Victor Frankenstein vs. the Creature: Compare & Contrast Research Paper
Updated: May 24th, 2021
The introduction: the fundamentals of Shelley’s novel
While comparing and contrasting Victor Frankenstein and his creature, I would like to disclose some fundamentals of a popular novel. First of all, I would like to point out that Mary Shelley’s novel was first published in 1817. This novel is recognized to be one of the earliest productions of science fiction genre. Generally, the novel combines the features of the Gothic novel and Romanticism.
It is related to science knowledge and reflects some elements of classical myth. The main characters of the novel are Victor Frankenstein, the Monster, Robert Walton, Elizabeth Lavenza, Henry Clerval, and the DeLacey family.
In my opinion, the most common themes the novel represents are horror and terror, social responsibility, parental neglect, obsessive behavior, revenge, injustice, physical deformity, parental love and responsibility. Of course, all the themes are vividly reflected in Mary Shelley’s work, but I suppose that the key theme is still considered to be good vs. evil.
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Another important point I would like to highlight is the history of the novel. To my mind, the most interesting fact is that the story was not created by chance. On the contrary, it appeared on the basis of competition. Mary Shelley and other writers decided to create the best ghost story.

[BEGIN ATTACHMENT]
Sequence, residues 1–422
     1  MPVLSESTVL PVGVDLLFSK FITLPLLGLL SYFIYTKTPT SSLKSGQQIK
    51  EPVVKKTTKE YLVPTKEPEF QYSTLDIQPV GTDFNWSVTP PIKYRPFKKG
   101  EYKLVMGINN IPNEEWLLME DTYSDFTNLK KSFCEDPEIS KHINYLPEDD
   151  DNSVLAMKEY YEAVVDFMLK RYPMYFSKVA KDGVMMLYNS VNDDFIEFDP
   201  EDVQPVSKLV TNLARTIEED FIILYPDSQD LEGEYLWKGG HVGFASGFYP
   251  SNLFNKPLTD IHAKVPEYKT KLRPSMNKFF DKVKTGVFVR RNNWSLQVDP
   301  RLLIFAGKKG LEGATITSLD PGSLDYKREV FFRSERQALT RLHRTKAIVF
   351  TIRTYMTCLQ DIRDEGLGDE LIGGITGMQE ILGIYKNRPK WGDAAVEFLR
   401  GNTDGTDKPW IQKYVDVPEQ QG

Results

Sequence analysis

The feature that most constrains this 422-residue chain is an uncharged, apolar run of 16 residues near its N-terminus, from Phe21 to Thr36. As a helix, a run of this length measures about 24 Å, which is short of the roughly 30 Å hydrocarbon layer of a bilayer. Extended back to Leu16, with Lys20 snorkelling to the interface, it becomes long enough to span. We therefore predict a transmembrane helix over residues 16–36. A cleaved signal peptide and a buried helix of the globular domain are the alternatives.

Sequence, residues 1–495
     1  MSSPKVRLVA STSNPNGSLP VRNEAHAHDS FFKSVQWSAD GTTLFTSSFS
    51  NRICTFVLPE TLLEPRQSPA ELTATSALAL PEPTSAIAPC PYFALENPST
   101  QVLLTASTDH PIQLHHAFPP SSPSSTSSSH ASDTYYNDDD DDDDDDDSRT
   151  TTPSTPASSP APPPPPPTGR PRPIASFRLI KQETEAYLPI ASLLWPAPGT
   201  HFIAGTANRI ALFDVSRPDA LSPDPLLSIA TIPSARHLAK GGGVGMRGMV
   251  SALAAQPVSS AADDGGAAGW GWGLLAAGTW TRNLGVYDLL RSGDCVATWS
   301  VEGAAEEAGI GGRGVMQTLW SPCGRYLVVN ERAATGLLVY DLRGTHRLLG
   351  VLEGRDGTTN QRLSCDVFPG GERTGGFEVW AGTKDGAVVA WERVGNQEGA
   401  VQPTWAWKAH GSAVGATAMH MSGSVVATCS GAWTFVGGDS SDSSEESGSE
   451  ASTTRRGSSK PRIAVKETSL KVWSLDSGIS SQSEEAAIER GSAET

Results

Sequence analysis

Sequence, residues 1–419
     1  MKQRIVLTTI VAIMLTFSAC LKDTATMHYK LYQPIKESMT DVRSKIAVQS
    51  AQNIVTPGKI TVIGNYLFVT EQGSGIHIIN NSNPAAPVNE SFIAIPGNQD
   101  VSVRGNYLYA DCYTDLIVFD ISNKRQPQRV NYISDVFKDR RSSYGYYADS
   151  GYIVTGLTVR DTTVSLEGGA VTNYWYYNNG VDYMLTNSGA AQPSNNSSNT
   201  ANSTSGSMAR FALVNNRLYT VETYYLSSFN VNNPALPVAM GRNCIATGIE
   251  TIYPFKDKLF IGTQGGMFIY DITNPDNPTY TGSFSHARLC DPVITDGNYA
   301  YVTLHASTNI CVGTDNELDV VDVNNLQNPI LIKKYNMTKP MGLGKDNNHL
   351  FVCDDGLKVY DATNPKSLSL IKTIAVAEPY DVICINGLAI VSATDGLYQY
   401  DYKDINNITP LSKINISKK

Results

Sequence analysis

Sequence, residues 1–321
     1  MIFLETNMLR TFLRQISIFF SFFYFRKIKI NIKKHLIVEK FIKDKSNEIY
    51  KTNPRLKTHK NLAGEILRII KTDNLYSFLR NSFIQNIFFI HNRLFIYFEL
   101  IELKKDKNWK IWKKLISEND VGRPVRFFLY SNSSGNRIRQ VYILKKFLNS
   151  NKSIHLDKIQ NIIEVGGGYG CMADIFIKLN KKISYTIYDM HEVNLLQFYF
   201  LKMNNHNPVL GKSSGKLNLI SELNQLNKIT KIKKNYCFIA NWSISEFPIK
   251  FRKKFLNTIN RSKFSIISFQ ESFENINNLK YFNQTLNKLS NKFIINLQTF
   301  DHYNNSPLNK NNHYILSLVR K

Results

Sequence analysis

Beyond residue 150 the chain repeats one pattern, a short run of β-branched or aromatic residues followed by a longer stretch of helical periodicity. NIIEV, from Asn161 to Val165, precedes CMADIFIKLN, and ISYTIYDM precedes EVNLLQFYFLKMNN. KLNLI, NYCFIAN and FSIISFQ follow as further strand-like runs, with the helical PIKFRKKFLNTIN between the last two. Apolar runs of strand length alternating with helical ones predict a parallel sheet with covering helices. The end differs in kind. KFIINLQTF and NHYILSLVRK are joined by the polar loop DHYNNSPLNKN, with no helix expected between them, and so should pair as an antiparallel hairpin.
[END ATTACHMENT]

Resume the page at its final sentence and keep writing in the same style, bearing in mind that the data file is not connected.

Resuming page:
In other words, “the novel was the result of a dream she had after a challenge that she, Lord Byron, Percy Shelley, and a doctor friend of theirs each write a ghost story” (“Frankenstein by Mary Wollstonecraft Shelley, 1797 – 1851 – LSC-Kingwood” par. 2). So, I suppose that the novel Frankenstein written by Shelley, won.
The thesis statement
Mary Shelley’s novel Frankenstein represents numerous interesting themes. The novel discloses people’s attitudes towards superficial issues as well as really important ones. A science fiction genre reflects public mood and inhumanity of the contemporary world.
The body: Victor Frankenstein vs. his creature: some similarities and differences between the main characters
While discussing the main characters, one is to keep in mind that the creator of the monster Victor Frankenstein and his creature are the principal figures of the novel.
According to Shelley’s work Victor was fond of chemistry and science. He received his education at the University of Ingolstadt. The main aim of the investigations made by Victor was to disclose the secret of life. However, the main character’s researches led to the creature appearance. In my opinion, Victor’s interest in science is closely related to the knowledge of the Renaissance period and Middle Ages.